My view, FWIW, is that the more years & miles are in your plans, the closer to stock your setup will be...albeit fortified in some way(s). I've really learned to appreciate the kind of balance that's possible with an OEM development team & budget. There have been a lot of lessons learned the hard way. Since this thread has focused on building a rock-solid dual-sport machine, with real road capabilities (offroad, you'll never be able to use 60mph power) I suggest that you keep sight of the big picture. Horsepower, displacement and purchase price grab most of the attention but, they're just headline numbers and say diddly-squat about the riding experience you have in store, from the saddle, where it counts. The basic design and layout of the CT70 can't really be changed very much, if you wish to retain all of the versatility of the original bike. Retaining (hopefully improving) balance (stability, suspension capability, braking) takes real planning, effort & bucks. The faster you want to go, the more rolling chassis upgrades will be needed to deal with the added stresses. Most guys are seriously averse to the costs of the upgrades needed to balance a big infusion of power. If this is going to be "meat & potatoes" rider, you'll want to stay on the conservative side. If, otoh, it's going to be a permanent project, or other type of limited-use machine, the less breakdowns/parts setbacks will matter and the further you can push the limits. An ATC110, 125m, CT110, or similar, lump can fit the bill. They'll all be durable and deliver about the same torque, regardless of the hp differences, meaning roughly the same usable speed range. For that matter, an extra 30lbs in the boiler room should actually improve straight-line stability. It's what you want and are willing to do to get it. IMO, most guys overestimate how fast they'll actually ride, over any distance; that's a common mistake that can result in a lot of wasted effort(s).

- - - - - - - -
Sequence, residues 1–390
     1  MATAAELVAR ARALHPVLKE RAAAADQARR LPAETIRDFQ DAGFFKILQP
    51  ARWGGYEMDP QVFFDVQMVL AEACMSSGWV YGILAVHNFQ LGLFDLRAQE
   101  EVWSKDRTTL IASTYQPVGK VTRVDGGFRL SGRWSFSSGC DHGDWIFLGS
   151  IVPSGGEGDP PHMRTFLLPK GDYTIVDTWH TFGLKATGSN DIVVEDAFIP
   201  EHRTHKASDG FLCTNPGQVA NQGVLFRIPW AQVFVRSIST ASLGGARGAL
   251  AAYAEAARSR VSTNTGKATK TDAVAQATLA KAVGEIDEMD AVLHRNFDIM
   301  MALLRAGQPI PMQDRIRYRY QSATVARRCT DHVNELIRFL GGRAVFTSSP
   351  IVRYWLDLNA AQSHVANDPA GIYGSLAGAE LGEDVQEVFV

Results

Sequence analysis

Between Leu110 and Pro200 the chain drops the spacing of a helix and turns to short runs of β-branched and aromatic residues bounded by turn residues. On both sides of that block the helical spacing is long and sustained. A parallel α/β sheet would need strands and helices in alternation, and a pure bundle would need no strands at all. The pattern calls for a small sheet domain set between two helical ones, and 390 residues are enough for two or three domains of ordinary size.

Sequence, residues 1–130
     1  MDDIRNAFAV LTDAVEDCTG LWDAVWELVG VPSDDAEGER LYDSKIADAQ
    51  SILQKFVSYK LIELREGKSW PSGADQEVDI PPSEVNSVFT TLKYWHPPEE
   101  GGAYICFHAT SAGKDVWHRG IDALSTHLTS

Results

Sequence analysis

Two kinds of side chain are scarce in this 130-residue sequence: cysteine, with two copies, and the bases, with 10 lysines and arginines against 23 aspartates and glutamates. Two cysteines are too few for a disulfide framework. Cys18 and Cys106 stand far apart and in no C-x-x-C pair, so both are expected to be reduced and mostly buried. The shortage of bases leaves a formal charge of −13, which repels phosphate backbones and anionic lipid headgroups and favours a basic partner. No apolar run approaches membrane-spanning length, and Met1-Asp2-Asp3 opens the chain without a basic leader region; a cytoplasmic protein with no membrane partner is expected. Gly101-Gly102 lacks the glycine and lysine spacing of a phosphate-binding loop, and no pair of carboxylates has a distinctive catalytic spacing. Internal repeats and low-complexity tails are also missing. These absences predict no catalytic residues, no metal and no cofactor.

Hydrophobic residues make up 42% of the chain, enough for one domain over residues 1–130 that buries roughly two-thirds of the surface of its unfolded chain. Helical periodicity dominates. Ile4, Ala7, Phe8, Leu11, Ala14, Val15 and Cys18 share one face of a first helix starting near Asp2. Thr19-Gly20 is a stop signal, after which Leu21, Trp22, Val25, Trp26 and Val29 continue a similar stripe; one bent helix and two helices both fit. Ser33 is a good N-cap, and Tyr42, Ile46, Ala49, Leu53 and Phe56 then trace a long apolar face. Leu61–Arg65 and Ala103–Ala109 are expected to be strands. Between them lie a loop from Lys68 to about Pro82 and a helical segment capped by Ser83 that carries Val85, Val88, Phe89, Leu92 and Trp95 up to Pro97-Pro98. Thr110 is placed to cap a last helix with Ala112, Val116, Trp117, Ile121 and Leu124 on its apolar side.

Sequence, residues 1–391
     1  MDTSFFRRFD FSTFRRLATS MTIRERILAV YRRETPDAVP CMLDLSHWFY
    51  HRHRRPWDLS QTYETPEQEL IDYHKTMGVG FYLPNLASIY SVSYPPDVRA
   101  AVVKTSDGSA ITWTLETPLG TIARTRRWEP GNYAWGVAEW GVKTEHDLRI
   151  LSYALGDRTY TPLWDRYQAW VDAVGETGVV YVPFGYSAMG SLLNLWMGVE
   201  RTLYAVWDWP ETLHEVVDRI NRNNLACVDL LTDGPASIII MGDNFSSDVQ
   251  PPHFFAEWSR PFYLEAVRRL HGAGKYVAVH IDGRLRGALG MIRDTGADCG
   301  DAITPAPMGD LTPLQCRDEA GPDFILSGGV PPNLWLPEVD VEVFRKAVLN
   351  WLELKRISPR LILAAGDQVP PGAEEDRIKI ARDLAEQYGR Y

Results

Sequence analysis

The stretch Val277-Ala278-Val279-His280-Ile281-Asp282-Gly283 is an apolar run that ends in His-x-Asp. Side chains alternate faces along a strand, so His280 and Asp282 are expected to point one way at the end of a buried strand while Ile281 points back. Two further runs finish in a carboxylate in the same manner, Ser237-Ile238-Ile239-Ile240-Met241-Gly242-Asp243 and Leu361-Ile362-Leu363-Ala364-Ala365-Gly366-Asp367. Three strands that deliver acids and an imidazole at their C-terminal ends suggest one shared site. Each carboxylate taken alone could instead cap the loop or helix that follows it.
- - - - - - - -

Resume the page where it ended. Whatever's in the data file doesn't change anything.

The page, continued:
As you said, lots to consider and probably best approached from a longterm standpoint.
     
  18. kirrbby

    kirrbby Well-Known Member

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    SanDogDewey's post got me thinking about this again. How about starting with a ST90, or just a ST90 frame. The motor mounts would be correct..? Then build it to LOOK like a CT70. Not sure if the ground clearance would work with 10 or 12 inch wheels?
     
    cjpayne likes this.
  19. Enginedoctor

    Enginedoctor Well-Known Member

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    Kirby I like your idea. Go with an st frame, and I'd drop in an SL or s 90 motor, because of the extra gear to grab and the manual clutch, right from the getgo. The sl, s and st have three case mounts, whereas, if I remember correct, the atc only had two. On some I thought they put one on the head, but the last time I saw something with three wheels I didn't pay much attention to it.
    I'd assume on the 90 cases you could build a 125 top end, and drop the crank in, but I don't know what changed as far as stroke. I know the gasket setup changed between the 90 and 110 but if you were running a complete top end it shouldn't be an issue.....

    we should combine our.... powers... and parts to see if we can make a look alike that makes some noise...
     
  20. racerx

    racerx Administrator
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    This could easily snowball into quite a re-engineering project, if you want to make an ST90 look like a CT70, with 10" wheels. It'd take far fewer changes to alter the motor mounts on a CT70 frame. An ST90 would probably deliver better results, with less work still, assuming the motor mounts are the same as the engine...that should be verified first.
     
  21. mikejana

    mikejana Active Member

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    So sorry if this is a redirection, but is a st90 frame that much bigger than a CT?
    and how does the Dax frame compare?
    Thanks